COM 510 Projects

All projects in this course will be executed in two phases: (1) project preview and (2) project production. Each project will consist of two written components: (1) a sample of technical writing and (2) a critical self-assessment of the sample. For example, your project 1 will consist of a sample of instruction writing and a self-assessment of that sample. Each sample of technical writing should be 400 to 500 words and each self-assessment 300 to 400.

Project Preview 1: Instruction Writing

Directions:

1. Consider some of the innovations in the tools or products of your area of study (e.g., scientific and industrial test equipment, business software programs, health care devices, consumer electronics, etc.).

2. Identify some unique key words for these items, and use them to search the U.S. Patent Office website to locate an original patent for one of these tools or products.

3. After studying this document, consider these questions:

4. Using the answers to the above questions, send me an email in which you describe the piece of instruction writing you will submit for project 1.


Project 1: Instruction Writing  

Directions:
 
1. Draft, revise and edit your document as you see fit.

2. Take moment to review the current readings relevant to this project, and consider how they relate to the document you've written. Attach a memo to me about your document in which you critically assess the project. For example, you might select Loorbach's notion of "motivational elements" and assess your use of them in your instruction writing. Include in the memo the source ( i.e., patent number) of the information about the product.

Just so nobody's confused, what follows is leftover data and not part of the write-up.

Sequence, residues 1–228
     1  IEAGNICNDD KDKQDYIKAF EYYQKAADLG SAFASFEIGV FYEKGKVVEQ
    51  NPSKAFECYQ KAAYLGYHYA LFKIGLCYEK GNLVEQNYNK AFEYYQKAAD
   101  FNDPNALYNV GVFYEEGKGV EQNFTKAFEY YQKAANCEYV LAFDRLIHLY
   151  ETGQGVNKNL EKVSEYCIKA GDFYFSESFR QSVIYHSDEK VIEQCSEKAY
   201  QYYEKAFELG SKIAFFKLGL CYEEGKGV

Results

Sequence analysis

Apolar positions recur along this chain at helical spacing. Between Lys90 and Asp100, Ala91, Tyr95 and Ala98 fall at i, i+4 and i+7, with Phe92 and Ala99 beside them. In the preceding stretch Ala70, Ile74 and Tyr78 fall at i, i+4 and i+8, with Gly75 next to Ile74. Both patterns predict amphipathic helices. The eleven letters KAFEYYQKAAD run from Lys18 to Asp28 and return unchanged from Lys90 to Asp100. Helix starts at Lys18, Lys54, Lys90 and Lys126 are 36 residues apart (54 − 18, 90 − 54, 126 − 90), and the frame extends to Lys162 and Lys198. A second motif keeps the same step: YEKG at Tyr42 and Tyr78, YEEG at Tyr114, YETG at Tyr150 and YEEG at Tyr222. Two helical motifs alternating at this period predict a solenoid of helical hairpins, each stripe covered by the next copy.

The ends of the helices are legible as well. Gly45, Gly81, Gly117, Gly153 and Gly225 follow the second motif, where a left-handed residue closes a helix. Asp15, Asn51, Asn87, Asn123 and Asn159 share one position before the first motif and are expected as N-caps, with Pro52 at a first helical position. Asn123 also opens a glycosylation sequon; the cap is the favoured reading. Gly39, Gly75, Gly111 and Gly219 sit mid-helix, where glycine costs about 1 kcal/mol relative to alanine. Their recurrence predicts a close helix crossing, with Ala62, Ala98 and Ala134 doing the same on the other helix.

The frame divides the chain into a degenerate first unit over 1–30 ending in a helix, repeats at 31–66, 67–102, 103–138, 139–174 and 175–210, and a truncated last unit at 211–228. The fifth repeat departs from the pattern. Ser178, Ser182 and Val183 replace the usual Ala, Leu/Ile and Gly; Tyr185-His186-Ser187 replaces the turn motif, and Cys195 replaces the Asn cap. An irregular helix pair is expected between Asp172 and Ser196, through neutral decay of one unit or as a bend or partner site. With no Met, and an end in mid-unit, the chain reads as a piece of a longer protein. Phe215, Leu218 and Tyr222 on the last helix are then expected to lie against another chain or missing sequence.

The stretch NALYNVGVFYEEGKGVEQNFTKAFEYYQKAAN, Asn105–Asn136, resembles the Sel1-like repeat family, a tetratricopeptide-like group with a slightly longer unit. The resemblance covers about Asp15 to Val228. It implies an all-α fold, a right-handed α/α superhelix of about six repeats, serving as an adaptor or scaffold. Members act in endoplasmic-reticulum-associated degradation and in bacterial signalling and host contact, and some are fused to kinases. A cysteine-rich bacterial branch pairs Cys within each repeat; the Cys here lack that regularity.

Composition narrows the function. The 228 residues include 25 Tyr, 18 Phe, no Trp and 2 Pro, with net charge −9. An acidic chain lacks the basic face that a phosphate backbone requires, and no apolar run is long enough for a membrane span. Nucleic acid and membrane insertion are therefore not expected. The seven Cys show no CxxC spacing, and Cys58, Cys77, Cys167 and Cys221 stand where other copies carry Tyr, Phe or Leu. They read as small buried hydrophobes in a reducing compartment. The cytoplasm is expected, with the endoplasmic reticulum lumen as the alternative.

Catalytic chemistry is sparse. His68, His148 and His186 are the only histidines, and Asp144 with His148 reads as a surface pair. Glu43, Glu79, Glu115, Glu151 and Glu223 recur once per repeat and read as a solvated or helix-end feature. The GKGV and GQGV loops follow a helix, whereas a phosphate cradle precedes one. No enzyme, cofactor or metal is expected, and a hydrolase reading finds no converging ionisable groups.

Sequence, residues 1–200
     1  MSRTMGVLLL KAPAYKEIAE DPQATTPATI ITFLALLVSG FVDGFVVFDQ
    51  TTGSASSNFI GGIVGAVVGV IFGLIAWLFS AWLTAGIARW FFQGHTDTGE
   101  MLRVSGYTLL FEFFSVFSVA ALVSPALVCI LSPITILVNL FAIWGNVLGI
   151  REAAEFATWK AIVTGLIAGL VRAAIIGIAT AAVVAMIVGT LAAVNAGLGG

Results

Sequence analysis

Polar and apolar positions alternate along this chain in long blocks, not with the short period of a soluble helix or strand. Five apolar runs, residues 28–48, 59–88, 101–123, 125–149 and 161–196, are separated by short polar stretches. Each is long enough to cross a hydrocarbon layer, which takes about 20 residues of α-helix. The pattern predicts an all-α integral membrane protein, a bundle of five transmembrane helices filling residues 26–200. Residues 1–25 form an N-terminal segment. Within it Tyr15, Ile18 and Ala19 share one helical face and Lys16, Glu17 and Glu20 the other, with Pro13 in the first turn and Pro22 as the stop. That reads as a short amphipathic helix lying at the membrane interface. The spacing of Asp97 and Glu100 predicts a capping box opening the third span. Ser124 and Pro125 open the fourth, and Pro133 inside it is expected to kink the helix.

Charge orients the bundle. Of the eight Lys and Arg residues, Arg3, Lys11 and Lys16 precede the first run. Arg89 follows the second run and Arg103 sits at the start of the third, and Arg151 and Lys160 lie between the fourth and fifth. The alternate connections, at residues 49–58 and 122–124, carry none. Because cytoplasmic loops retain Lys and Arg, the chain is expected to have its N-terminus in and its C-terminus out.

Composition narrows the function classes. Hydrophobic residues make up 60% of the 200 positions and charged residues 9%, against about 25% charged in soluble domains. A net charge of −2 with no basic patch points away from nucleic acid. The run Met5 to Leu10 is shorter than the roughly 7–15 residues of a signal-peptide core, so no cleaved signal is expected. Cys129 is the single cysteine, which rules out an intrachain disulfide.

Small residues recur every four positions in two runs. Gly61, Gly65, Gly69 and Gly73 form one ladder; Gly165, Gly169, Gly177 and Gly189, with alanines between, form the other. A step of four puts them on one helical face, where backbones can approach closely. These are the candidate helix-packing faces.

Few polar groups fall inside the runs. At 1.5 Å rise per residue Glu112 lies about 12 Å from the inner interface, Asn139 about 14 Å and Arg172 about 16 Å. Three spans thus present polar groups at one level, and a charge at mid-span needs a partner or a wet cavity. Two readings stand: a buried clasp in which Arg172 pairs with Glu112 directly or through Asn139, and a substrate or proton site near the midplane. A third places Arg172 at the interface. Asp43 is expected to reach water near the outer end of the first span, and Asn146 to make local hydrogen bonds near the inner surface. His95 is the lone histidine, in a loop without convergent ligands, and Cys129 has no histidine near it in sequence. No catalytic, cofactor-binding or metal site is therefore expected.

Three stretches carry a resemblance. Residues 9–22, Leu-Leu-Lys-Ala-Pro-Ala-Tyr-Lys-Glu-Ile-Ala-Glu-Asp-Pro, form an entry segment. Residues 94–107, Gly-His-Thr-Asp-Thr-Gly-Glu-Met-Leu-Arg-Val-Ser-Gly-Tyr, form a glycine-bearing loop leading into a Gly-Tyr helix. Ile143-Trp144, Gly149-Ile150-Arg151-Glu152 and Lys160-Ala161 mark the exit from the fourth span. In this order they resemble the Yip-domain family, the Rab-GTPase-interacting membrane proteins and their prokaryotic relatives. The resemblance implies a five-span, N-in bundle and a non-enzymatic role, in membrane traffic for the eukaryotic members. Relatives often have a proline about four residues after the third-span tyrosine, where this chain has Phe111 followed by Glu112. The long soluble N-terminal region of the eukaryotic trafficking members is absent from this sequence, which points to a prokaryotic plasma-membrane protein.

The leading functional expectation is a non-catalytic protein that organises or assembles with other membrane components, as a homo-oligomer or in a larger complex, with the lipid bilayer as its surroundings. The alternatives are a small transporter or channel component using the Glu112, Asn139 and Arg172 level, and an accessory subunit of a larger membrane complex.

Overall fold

Project Preview 2: Correspondence
 
Directions:
 
1. Take a moment to consider the products or services that directly or indirectly result from the efforts of people who have majored in your field of study. Select three or four of these products, and find examples that have been formally recalled by their manufacturers. To find such products, search the following web sites:

Now imagine that you are a member of the team that initially designed and prototyped this recalled product.

Imagine further that after your design went into production, you discovered evidence of a defect that would cause harm to humans. You present this evidence to your immediate supervisor, but she squashes it, saying any interruptions in production at this point will cost the company millions of dollars in lost revenue and will damage your department's reputation.

Using the information about the product's recall, an understanding of the company's mission and code of conduct, and your own awareness of the political and ethical implications of your actions, consider how you would write a letter to a higher-up in the company that "blows the whistle" on this situation.

2. Identify the specific person in the company who is most likely to be able to act on your message. See the company's website or Hagerty's business information databases.